By Sarah LeeThe Supreme Court is considering a certiorari petition that could profoundly affect how non-profit organizations that engage in issue advocacy are regulated by the federal government. The case concerns a fundamental question of constitutional law: under what circumstances may the government require groups to register themselves before engaging in public speech?
By Alexandra Jaffe“The fact that this shameless hack-job is peddled on the same week Sen. McConnell is credited by Republicans and Democrats alike for saving the country from falling off the fiscal cliff shows how partisan and out of touch the authors of this garbage really are. The thesis of the shoddy work could be proven false in less than ten minutes by an intern with an iphone,” he said in an email to The Hill.
Candidates, Politicians and Parties
By JAKE SHERMAN and JOHN BRESNAHANIn an unusually suspenseful roll-call vote of the new House of Representatives, Boehner garnered 220 votes, but 12 Republican lawmakers either opposed him, voted present or abstained.
By Alexander BurnsDemocrats, facing a challenging fight to retake the House of Representatives in 2014, see a promising new line of attack rising out of the fiscal cliff follies: casting the Republican congressional majority as a terminally dysfunctional body that cannot perform the basic functions of government, let alone lead the country through difficult times.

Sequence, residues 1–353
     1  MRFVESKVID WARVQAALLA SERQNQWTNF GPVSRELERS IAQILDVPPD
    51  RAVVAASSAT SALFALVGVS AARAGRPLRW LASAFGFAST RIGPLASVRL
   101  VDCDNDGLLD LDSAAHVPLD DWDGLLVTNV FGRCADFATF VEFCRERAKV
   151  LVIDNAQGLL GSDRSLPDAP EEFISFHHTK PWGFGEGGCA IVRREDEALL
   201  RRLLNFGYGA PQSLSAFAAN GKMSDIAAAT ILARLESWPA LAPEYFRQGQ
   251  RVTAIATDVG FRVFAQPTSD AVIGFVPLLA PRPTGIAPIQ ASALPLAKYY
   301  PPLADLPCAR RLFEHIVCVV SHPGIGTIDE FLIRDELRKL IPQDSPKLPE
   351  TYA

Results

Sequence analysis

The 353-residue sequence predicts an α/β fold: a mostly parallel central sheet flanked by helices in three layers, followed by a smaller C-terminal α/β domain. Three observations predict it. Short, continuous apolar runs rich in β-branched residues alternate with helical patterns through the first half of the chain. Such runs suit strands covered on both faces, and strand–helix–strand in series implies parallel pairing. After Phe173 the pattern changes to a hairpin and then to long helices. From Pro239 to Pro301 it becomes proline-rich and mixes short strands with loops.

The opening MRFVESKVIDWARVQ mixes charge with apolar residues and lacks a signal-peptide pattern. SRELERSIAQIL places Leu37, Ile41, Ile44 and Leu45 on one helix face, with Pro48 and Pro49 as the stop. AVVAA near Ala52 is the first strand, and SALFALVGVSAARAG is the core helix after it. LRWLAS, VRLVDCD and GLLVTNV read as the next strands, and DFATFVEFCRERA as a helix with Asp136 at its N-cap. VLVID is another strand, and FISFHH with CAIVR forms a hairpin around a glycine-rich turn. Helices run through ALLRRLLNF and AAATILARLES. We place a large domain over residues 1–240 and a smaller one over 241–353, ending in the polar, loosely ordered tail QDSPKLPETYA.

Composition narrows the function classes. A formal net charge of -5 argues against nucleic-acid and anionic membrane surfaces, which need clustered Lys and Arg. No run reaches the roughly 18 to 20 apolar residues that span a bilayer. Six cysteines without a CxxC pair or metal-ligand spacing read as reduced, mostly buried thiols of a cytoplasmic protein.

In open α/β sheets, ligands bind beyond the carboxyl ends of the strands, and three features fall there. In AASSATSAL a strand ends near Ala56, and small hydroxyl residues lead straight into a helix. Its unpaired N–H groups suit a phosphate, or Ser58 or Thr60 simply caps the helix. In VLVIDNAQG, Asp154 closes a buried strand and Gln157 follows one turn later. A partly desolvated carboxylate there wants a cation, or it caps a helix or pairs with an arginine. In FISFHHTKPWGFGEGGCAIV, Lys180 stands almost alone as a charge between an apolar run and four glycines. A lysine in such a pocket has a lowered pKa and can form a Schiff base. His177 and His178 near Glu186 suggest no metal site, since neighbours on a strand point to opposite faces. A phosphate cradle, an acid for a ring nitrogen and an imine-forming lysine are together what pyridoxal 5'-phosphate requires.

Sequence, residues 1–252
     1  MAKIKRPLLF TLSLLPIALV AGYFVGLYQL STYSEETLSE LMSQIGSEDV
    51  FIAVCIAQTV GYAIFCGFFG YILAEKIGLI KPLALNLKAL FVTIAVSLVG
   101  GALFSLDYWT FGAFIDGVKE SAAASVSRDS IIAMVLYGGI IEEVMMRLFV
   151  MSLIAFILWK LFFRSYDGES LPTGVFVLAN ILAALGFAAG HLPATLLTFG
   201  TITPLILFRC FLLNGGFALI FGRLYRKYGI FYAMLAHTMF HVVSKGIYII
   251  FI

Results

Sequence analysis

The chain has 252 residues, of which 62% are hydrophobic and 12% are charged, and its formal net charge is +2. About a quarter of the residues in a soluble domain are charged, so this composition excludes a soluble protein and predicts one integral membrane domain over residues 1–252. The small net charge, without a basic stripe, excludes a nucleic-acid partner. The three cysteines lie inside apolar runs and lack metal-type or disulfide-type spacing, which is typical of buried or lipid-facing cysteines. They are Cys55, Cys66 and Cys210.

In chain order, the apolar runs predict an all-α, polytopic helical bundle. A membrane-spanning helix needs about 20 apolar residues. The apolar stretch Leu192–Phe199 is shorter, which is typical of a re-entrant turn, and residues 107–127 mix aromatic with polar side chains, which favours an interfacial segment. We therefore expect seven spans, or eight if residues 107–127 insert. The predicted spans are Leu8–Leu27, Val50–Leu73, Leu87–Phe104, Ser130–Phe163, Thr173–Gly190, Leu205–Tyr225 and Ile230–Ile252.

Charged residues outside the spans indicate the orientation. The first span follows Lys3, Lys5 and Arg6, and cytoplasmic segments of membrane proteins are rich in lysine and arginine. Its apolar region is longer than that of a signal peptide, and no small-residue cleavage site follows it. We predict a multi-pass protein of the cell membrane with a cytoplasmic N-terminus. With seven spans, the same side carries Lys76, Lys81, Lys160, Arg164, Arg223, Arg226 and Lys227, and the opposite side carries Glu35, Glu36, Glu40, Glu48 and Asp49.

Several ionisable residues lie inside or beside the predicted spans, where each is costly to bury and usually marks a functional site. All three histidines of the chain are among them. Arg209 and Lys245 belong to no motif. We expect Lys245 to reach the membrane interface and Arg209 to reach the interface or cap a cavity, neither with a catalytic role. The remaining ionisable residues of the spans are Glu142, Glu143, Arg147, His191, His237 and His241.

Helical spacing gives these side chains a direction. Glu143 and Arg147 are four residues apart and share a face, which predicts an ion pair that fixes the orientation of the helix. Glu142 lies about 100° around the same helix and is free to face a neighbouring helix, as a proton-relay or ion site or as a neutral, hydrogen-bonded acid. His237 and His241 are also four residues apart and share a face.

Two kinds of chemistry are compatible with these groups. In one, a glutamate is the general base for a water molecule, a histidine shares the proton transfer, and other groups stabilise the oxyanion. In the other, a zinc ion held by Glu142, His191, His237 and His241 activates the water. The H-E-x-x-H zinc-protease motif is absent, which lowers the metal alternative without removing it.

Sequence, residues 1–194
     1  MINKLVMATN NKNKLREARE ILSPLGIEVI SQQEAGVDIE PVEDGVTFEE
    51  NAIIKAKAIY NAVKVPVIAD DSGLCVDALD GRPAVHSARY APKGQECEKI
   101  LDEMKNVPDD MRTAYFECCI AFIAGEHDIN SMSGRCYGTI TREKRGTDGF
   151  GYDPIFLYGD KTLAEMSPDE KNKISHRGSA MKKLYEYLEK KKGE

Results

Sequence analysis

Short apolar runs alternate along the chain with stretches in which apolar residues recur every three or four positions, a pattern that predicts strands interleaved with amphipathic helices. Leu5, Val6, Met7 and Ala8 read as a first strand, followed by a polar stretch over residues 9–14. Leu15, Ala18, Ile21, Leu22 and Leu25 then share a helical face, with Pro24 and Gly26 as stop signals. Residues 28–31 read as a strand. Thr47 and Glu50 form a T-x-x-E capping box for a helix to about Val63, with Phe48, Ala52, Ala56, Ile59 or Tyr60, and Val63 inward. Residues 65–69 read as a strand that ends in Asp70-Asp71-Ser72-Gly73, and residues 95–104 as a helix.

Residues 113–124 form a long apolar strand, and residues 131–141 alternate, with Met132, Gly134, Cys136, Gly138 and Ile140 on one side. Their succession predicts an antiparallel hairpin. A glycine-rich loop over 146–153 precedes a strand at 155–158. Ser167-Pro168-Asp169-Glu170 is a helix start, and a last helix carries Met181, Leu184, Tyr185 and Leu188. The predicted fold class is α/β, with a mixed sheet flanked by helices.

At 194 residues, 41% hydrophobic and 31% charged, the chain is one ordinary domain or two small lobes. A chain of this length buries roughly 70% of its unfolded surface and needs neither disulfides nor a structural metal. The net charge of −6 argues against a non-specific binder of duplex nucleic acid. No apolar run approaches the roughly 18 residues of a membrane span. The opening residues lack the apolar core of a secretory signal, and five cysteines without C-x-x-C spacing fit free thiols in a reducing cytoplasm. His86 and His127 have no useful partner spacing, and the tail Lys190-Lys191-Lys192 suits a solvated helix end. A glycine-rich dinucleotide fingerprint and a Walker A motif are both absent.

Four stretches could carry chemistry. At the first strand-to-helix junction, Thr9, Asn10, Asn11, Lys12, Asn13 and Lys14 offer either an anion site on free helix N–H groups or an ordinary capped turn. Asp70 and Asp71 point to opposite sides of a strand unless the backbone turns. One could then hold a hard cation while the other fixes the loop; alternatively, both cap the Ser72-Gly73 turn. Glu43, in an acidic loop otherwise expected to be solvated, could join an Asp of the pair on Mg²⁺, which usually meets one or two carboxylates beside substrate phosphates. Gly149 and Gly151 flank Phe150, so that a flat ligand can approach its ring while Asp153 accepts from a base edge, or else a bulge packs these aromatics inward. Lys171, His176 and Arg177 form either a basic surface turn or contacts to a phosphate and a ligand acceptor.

Lobbying and Ethics
By Fredreka SchoutenThe terms of four of the six members of the Office of Congressional Ethics’ board were set to expire when the new Congress convenes Thursday — raising fears among congressional watchdogs that the office would lose its investigative powers. The staff cannot start new probes without board approval.
By Amanda BeckerThe House Ethics Committee maintained its pace during the 112th Congress, when it handled 96 separate investigative matters, empaneled two new investigative subcommittees and publicly reprimanded one House lawmaker for violating the chamber’s ethics rules.
By Alison KnezevichState prosecutors alleged that the developer, whose company is called Whalen Properties, gave a total of $7,500 in cash to his personal fitness trainer, an employee and a friend, and asked them to write personal checks to the campaign of Councilman Tom Quirk, a Catonsville Democrat, in 2011. The practice, known as straw contributions, can be used to conceal the identity of a political donor.
By MICHAEL M. GRYNBAUMChristine C. Quinn, the City Council speaker, said on Wednesday that she would amend a proposed change to campaign finance laws that spurred concerns about a flood of unregulated spending by unions and advocacy groups in New York City’s coming elections.
By Paul WeberAUSTIN, Texas (AP) — State ethics officials fined Dallas billionaire Harold Simmons’ political action committee $6,450 over campaign contributions to Texas lawmakers that were illegal because the prominent Republican donor was the sole donor to the PAC.